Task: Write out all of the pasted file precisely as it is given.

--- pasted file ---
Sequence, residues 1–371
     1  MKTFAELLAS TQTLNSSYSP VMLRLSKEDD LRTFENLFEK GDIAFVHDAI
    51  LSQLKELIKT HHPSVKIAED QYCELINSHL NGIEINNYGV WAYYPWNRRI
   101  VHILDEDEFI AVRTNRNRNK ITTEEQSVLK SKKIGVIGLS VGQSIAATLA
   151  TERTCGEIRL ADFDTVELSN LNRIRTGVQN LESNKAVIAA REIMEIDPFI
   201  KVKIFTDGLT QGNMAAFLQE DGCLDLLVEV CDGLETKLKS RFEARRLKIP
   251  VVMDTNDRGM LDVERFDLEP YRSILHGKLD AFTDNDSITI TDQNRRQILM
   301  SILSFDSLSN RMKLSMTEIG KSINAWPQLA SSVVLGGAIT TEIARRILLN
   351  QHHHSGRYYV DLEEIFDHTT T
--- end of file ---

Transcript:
Sequence, residues 1–371
     1  MKTFAELLAS TQTLNSSYSP VMLRLSKEDD LRTFENLFEK GDIAFVHDAI
    51  LSQLKELIKT HHPSVKIAED QYCELINSHL NGIEINNYGV WAYYPWNRRI
   101  VHILDEDEFI AVRTNRNRNK ITTEEQSVLK SKKIGVIGLS VGQSIAATLA
   151  TERTCGEIRL ADFDTVELSN LNRIRTGVQN LESNKAVIAA REIMEIDPFI
   201  KVKIFTDGLT QGNMAAFLQE DGCLDLLVEV CDGLETKLKS RFEARRLKIP
   251  VVMDTNDRGM LDVERFDLEP YRSILHGKLD AFTDNDSITI TDQNRRQILM
   301  SILSFDSLSN RMKLSMTEIG KSINAWPQLA SSVVLGGAIT TEIARRILLN
   351  QHHHSGRYYV DLEEIFDHTT T